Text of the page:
Khorenatzi matters of state interest and the future of the nation were
infinitely more important than the Church or its obscurantist

Underscoring his consistently secular appreciation of history
Khorenatzi constructs his historical leaders not as disembodied and
lifeless agents of abstract godly virtue but as people of flesh and
blood. They are great political and national actors. But they are also
figures of great physical beauty who are possessed of all human
passions including carnal desires. Haig was a beautiful curly-haired
giant. Dikran the Great was 'well built with a strong back' his face
was full-blooded with the 'sweetest look' while his 'calves were
powerful and his feet beautiful'. Dikran enjoyed his food and drink
albeit in 'moderation and was 'sensible' in satisfying his physical
desires. (p133) The Christian King Drtad was also a man of enormous
physical power. An outstanding sportsman, he too demonstrated excellent
skill in war, so much so that Khorenatzi 'cannot describe the speed of
his arms has he slew countless (enemy) soldiers'. (p230)


Contemporary commentators speak highly both of author and of book.
Typical is Hrant K. Armen, a quality Diaspora historian who expresses
a common view when remarking that 'we are Armenian only by virtue of
Moses Khorenatzi'. Put differently, homeland based commentator A. K.
Abrahamian writes that 'the father of Armenian history has played an
enormous role in cultivating and reinforcing the Armenian people's
sense of identity and national consciousness.'

However 'The History of the Armenians' has not escaped controversy and
criticism. During the late 19th and early 20th centuries many a
commentator questioned its 5th century origin some casting it to the
9th. Others charged its author with wanton and dishonest fabrication,
accusing him of a total disregard for historical veracity. Moses of
Khoren was found guilty of 'senility', 'fabrication', 'ignorance',
'plagiarism', 'cheating', 'thoughtlessness' and a host of other sins.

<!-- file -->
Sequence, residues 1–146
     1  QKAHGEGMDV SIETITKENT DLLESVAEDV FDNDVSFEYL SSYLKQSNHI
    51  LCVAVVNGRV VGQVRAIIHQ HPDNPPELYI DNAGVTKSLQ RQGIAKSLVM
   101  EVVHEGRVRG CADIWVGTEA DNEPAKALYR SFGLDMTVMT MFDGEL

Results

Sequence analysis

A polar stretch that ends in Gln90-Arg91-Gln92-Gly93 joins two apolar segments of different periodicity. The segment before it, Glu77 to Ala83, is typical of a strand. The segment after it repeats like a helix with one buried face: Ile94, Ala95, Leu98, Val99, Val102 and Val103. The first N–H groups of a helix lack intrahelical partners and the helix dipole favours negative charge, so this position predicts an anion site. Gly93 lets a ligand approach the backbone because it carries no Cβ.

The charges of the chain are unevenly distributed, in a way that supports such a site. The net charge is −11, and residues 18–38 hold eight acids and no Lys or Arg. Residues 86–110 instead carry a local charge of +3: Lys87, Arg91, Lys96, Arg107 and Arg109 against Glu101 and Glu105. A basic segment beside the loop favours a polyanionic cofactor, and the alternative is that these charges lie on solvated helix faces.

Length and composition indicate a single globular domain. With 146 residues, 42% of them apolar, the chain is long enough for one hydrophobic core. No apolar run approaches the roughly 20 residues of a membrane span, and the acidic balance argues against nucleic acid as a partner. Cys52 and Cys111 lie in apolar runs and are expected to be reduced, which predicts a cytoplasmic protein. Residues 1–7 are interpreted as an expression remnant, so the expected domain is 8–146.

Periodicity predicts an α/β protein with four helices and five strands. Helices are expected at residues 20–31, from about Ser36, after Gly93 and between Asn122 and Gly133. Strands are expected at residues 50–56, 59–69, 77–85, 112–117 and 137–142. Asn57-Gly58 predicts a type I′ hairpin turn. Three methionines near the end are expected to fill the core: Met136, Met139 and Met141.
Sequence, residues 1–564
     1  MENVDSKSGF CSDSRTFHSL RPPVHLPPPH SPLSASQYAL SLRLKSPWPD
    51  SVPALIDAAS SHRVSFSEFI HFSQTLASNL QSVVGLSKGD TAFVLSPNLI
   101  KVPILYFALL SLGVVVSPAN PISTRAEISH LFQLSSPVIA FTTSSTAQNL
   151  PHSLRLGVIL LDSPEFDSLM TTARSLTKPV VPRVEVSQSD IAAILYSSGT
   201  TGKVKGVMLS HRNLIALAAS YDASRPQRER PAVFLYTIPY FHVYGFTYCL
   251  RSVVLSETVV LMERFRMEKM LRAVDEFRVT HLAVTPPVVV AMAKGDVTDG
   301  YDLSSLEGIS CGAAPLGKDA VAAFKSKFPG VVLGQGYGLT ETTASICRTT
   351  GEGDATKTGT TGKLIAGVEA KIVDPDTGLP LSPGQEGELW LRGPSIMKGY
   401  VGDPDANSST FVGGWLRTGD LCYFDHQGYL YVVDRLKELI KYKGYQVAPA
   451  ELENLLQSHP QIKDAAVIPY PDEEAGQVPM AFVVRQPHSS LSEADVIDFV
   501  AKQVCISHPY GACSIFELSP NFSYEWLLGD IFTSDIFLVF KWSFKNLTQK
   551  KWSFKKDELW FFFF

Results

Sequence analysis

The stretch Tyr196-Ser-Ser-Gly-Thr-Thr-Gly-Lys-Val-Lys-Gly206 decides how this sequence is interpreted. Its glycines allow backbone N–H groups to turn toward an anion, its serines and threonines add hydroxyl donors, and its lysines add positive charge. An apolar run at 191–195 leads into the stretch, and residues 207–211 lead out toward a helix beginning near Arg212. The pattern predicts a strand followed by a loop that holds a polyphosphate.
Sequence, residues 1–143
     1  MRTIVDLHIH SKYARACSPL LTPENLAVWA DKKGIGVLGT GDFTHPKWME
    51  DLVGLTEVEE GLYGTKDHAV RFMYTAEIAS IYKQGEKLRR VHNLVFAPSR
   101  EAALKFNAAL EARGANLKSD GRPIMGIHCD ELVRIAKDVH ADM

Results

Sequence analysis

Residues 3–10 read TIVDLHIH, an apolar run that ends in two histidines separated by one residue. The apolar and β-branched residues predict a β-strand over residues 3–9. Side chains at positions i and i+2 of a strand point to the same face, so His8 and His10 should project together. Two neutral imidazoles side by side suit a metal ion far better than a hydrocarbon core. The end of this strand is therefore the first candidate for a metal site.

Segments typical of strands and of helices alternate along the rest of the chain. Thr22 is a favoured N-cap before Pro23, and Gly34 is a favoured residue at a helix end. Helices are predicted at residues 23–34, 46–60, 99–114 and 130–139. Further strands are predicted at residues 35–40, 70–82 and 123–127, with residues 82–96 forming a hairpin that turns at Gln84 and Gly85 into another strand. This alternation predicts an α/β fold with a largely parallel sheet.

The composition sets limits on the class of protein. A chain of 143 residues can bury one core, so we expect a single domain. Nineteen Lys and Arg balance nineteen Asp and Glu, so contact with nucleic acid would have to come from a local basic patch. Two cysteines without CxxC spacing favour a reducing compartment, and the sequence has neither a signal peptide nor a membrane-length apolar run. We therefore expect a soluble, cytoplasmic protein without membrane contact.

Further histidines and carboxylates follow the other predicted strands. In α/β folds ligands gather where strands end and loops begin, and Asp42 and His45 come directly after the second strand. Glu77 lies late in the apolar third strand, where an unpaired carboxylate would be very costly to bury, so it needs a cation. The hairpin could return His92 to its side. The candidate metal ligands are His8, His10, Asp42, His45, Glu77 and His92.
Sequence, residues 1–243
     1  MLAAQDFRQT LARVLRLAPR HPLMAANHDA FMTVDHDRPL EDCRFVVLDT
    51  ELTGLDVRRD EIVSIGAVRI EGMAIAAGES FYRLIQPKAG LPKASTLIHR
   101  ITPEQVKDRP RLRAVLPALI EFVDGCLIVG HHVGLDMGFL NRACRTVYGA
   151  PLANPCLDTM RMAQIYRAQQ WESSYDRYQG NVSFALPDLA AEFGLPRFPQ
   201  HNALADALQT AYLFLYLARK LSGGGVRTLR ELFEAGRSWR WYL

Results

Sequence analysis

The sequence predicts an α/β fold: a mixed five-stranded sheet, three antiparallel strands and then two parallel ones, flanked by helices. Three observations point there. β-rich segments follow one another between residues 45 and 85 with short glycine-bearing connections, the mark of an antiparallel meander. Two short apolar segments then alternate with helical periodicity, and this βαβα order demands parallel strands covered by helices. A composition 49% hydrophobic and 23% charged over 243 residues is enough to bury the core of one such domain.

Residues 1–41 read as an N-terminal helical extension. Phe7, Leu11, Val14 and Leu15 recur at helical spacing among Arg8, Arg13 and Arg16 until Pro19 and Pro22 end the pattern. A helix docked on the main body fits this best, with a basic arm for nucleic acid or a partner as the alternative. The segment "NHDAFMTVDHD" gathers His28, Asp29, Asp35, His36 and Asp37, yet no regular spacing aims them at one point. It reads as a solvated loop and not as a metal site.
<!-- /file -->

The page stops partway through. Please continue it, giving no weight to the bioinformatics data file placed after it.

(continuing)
It is true that the work is in many aspects uneven. Taking into
account the vast scope of 'History', the paucity of sources available
to Khorenatzi and the intellectual isolation in which he had to
compose his work, it is hardly surprising that the book contains much
that is questionable. A great deal of his chronology and a good
portion of his evidence has rightly been challenged and set aside. It
is also true that the Second and Third Books do not read with the same
adventure and excitement as the first. However, bearing in mind the
circumstances of its production, the most amazing, - almost
miraculous, - aspect of the work is how much of it stands up to the
sharpest scrutiny of the most modern and most critical investigation.

None of its defects detract from what is in fact an extraordinary
accomplishment. Disputes about dating and evidence pale into
insignificance when we consider the role this book has performed. In
salvaging from eternal darkness vast periods of Armenian history,
culture and civilisation it stands forth as a proud and reasoned
proclamation of the civilisation and culture of people from small
nations. Who will dare contest the value of such a proclamation in the
contemporary world order?

Eddie Arnavoudian holds degrees in history and politics from
Manchester, England, and is Groong's commentator-in-residence on
Armenian literature.  His works on literary and political issues
have also appeared in Harach in Paris, Nairi in Beirut and Open
Letter in Los Angeles.

| Home | Administrative | Introduction | Armenian News | World News | Feedback |